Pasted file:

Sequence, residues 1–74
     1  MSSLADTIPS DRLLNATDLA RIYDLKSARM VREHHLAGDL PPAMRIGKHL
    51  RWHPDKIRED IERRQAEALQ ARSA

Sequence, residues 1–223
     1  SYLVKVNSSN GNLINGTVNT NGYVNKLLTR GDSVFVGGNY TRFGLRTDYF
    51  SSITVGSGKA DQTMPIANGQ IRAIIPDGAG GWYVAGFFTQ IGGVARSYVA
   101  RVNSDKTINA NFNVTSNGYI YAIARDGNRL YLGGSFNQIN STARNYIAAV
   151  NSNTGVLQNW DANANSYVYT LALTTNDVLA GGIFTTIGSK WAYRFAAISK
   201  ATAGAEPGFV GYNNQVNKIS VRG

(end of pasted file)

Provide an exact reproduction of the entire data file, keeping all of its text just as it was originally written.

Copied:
Sequence, residues 1–74
     1  MSSLADTIPS DRLLNATDLA RIYDLKSARM VREHHLAGDL PPAMRIGKHL
    51  RWHPDKIRED IERRQAEALQ ARSA

Sequence, residues 1–223
     1  SYLVKVNSSN GNLINGTVNT NGYVNKLLTR GDSVFVGGNY TRFGLRTDYF
    51  SSITVGSGKA DQTMPIANGQ IRAIIPDGAG GWYVAGFFTQ IGGVARSYVA
   101  RVNSDKTINA NFNVTSNGYI YAIARDGNRL YLGGSFNQIN STARNYIAAV
   151  NSNTGVLQNW DANANSYVYT LALTTNDVLA GGIFTTIGSK WAYRFAAISK
   201  ATAGAEPGFV GYNNQVNKIS VRG